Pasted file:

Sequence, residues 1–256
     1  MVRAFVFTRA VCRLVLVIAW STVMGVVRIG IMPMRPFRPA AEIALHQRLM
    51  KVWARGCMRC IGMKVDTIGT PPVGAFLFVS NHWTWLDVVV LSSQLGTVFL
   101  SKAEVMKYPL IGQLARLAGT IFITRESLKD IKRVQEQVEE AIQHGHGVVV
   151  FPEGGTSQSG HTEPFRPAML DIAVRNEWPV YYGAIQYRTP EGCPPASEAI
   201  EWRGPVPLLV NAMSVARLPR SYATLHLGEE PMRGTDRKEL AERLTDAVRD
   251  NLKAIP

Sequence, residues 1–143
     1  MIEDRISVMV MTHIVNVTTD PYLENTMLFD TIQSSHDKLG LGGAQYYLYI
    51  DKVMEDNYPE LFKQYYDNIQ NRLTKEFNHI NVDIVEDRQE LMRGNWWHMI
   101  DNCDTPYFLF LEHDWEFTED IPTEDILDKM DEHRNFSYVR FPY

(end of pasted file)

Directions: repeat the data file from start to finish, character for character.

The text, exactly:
Sequence, residues 1–256
     1  MVRAFVFTRA VCRLVLVIAW STVMGVVRIG IMPMRPFRPA AEIALHQRLM
    51  KVWARGCMRC IGMKVDTIGT PPVGAFLFVS NHWTWLDVVV LSSQLGTVFL
   101  SKAEVMKYPL IGQLARLAGT IFITRESLKD IKRVQEQVEE AIQHGHGVVV
   151  FPEGGTSQSG HTEPFRPAML DIAVRNEWPV YYGAIQYRTP EGCPPASEAI
   201  EWRGPVPLLV NAMSVARLPR SYATLHLGEE PMRGTDRKEL AERLTDAVRD
   251  NLKAIP

Sequence, residues 1–143
     1  MIEDRISVMV MTHIVNVTTD PYLENTMLFD TIQSSHDKLG LGGAQYYLYI
    51  DKVMEDNYPE LFKQYYDNIQ NRLTKEFNHI NVDIVEDRQE LMRGNWWHMI
   101  DNCDTPYFLF LEHDWEFTED IPTEDILDKM DEHRNFSYVR FPY